Quirky television programs that blend horror, fantasy and folklore such as Supernatural have been a staple of network line-ups for decades. Obviously The Twilight Zone and The Outer Limits are classics in the genre and set the bar for freaky quality. Joss Whedon’s Buffy the Vampire Slayer came along and injected teen melodrama, genuine emotion and pop cultural quips into the horror/fantasy television playbook. Soon after Buffy’s success, a deluge of similar shows flooded the airwaves (Roswell, Angel, Charmed and so on). Supernatural studiously follows the path blazed by its predecessors. The initial season of Supernatural starts off strong, but begins to meander into a droll villain of the week formula. Though, it’s not how you start, but how you finish that matters. Does Supernatural finish strong? Double tap the jump to find out.
Sam Winchester’s (Jared Padalecki) quaint college lifestyle is hampered when older brother Dean (Jensen Ackles) unexpectedly shows up to cryptically inform his little bro that their pops, John Winchester, has disappeared on a “hunting” trip. In actuality, Sam and Dean’s old man is a hunter of things that go bump in the night and has gone AWOL. And so the brother’s Winchester are propelled into their heroic journey. After their primary monster hunting mission ends Sam choses to leave the demon slaying to his brother, and returns to his college life. Though, the fates have different designs for the youngest Winchester and he is compelled to rejoin Dean in the hunt for their father. After the pilot, Supernatural begins to weave a path of Scooby Doo styled villain of the week episodes, most of which seem to end with the brothers discovering the remains of an angry apparition, dumping salt on them an setting them aflame. Apparently these are the only steps needed to send a vicious specter back to the netherworld.
Not all is forsaken in the gloomy mystical universe of Supernatural. While the show slips into formulaic storytelling, half way through the season it begins to regain its foot holding when the mysterious John Winchester re-enters his son’s lives. The elder Winchester vanished on a solo hunt to find the demon that killed Mary, his wife and the boy’s mother. When the show is dealing with themes of family and authority, it’s quite intriguing. Dean and Sam’s constant brotherly bickering is sincerely believable. It never comes across as disingenuous, and even when the brothers are at odds it’s evident that they have each other’s best concerns at heart. When the highly hyped poppa Winchester arrives on the scene things get exponentially taut. The interaction between all three truly functions a believable family dynamic. Jeffrey Dean Morgan’s presentation of John Winchester is wholly fatherly, dick-ish and badass. When the Winchester family is in full on demon destroying mode, their flow together is kinetic and much ghost/demon/ monster devastation is displayed.
For a network television program, the gore content is quite high and quite graphic. Episode 6, “Skin” is a proper example of this. A shape-shifter runs amok slaughtering humans and melds into the form of Dean, promptly pinning a murder on the older Winchester brother. When the shape-shifter shed’s its skin it’s simultaneously revolting yet an impressive display of special effects. Simply, the show’s practical and computer generated effects are some of the best I’ve seen on TV of late. A constant film of grime and gloom linger visually about the show which adds to the noir-ish “supernatural” feel of Supernatural. Also of note is the use of classic rock throughout the show. Some of the tracks may be considered cliché, but I felt an old school excitement when Iron Butterfly’s “In-A-Gadda-Da-Vida” boldly played in one of the first episodes.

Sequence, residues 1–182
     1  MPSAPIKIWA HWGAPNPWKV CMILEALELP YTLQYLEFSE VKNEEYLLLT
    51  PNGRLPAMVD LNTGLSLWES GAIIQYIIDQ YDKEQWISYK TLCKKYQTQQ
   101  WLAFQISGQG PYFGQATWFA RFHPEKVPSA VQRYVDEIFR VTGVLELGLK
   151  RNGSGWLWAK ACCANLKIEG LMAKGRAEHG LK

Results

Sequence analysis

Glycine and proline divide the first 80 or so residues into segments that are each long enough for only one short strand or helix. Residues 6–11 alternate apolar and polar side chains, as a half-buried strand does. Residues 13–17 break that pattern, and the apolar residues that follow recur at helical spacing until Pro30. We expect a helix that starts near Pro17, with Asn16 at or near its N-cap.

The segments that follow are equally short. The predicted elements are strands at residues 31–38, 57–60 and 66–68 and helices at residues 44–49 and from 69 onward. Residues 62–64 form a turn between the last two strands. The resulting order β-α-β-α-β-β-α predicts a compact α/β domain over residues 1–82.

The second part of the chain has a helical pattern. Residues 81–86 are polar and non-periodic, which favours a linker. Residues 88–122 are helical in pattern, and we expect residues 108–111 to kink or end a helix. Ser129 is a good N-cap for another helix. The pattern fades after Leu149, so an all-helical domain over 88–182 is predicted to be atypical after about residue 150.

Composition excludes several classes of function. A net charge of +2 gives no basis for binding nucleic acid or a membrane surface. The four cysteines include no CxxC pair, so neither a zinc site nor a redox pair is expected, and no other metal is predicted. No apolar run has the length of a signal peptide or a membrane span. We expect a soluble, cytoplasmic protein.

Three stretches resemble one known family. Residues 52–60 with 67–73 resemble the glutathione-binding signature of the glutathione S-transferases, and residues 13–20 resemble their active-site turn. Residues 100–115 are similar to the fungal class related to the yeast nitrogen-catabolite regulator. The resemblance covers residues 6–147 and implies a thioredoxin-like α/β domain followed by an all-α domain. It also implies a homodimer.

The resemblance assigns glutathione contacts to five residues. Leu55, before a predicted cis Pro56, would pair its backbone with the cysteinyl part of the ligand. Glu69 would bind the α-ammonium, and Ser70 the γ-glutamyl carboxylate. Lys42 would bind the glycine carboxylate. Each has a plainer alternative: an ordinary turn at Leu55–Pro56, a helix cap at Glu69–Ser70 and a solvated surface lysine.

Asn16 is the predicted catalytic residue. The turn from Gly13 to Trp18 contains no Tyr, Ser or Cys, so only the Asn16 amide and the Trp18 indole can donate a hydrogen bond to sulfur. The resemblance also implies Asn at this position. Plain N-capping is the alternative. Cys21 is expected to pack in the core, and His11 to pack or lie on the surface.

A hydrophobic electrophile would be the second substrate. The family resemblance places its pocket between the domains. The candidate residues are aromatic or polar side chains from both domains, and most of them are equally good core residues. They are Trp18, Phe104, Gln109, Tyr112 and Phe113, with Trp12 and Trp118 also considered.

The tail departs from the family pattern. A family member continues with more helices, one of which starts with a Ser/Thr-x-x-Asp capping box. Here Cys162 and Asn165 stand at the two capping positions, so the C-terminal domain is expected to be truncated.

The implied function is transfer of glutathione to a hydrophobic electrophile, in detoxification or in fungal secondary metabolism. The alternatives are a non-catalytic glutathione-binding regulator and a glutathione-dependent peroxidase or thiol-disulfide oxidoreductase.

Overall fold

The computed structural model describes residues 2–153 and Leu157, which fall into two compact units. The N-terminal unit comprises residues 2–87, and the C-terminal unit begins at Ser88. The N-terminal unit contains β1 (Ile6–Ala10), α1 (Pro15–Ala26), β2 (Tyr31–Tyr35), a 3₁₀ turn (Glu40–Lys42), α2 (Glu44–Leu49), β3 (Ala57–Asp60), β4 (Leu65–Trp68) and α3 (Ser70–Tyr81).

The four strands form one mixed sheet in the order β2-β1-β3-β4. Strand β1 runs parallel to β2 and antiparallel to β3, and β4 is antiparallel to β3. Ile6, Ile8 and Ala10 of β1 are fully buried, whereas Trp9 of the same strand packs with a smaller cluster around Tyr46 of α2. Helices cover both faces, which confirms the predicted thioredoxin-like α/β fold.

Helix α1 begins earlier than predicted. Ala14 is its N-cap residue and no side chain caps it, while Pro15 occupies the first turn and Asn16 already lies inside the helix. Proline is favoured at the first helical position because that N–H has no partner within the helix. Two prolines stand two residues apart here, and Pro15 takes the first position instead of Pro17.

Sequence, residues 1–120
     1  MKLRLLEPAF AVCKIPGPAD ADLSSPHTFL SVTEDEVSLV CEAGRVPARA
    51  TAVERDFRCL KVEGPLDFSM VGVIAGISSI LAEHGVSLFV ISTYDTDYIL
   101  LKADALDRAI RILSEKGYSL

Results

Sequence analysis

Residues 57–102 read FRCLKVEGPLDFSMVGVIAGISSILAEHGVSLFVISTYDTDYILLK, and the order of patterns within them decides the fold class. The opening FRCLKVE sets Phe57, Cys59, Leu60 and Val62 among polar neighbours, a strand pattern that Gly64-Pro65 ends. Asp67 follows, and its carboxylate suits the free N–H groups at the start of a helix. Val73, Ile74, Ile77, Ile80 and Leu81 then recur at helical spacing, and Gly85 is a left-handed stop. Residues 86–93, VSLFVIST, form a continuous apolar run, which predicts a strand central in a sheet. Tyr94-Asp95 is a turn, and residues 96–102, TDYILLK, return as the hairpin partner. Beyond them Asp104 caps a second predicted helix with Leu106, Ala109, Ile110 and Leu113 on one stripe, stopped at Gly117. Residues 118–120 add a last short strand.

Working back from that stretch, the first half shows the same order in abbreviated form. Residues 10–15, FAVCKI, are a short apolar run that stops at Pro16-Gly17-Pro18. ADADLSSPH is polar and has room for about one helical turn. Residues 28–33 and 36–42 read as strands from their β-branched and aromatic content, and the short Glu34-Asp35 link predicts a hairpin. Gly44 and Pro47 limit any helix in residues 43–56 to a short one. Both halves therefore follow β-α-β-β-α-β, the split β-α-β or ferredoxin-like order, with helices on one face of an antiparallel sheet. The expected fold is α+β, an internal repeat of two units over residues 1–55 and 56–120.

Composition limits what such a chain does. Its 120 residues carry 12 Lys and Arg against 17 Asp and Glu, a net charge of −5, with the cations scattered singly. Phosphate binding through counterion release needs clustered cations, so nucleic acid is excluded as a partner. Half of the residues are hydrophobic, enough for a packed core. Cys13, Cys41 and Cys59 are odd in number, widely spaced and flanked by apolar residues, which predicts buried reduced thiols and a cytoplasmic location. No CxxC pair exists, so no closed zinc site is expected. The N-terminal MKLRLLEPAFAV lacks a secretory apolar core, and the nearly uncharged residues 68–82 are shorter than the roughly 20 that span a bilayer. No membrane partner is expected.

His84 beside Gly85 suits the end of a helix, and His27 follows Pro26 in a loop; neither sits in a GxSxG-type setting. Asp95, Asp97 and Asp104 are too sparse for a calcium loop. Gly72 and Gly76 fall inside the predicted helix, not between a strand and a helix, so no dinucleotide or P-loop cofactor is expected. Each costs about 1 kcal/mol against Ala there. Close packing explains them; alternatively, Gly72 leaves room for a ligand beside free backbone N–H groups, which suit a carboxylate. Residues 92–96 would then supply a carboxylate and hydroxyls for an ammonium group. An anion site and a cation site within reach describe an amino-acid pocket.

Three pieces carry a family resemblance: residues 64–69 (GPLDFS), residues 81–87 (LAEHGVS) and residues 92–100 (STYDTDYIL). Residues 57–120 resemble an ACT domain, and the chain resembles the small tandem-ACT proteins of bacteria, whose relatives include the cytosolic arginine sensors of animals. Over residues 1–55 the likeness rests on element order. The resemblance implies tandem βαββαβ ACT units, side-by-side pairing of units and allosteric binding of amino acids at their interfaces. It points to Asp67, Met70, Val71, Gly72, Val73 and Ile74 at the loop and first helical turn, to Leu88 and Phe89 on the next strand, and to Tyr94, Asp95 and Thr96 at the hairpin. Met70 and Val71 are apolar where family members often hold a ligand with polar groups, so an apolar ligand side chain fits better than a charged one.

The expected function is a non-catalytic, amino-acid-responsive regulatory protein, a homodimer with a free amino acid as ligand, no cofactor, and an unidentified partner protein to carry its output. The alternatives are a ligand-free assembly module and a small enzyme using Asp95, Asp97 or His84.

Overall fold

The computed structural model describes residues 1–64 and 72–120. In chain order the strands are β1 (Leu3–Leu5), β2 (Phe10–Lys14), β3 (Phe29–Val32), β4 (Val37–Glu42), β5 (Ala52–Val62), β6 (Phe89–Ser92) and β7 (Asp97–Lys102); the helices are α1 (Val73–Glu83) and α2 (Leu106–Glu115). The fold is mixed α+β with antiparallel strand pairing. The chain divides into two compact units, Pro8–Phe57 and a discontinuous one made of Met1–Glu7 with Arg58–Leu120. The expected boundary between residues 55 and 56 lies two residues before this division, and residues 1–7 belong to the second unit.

Supernatural Season 1’s special features round out the Blu-ray collection handsomely. The Devils Road Map feature is an informative segment that adds to the mythology of the show and A Day in the Life of Jared and Jensen gives viewers a glimpse of the playful camaraderie generated between the actors. Though, the true glimpse of their chemistry shines on the commentary Jared Padalecki and Jensen Ackles share on Episode 4, “Phantom Traveller”. It’s clear these guys have a blast working together and its fun to hear them heckle each other throughout the commentary. Actually out of all the solid special features the two commentaries are the best. The commentary linked to the pilot introduces audiences to the show creators and the process by which the show followed to become green-lit. Listening to show runners behind the scenes insight to the show gives an informative and interesting look at the program. Initially the task of viewing and reviewing the first season of Supernatural was daunting. Watching nearly 20 hours of a CW show seemed like an interrogation technique used at Guantanamo Bay. By the halfway mark of the season I found myself eagerly awaiting each preceding episode. In fact, I would love to watch seasons 2-5 to find out what happens after the tense cliff hanger that ends season 1. Most definitely purchase or rent Supernatural Season 1 on Blu-ray.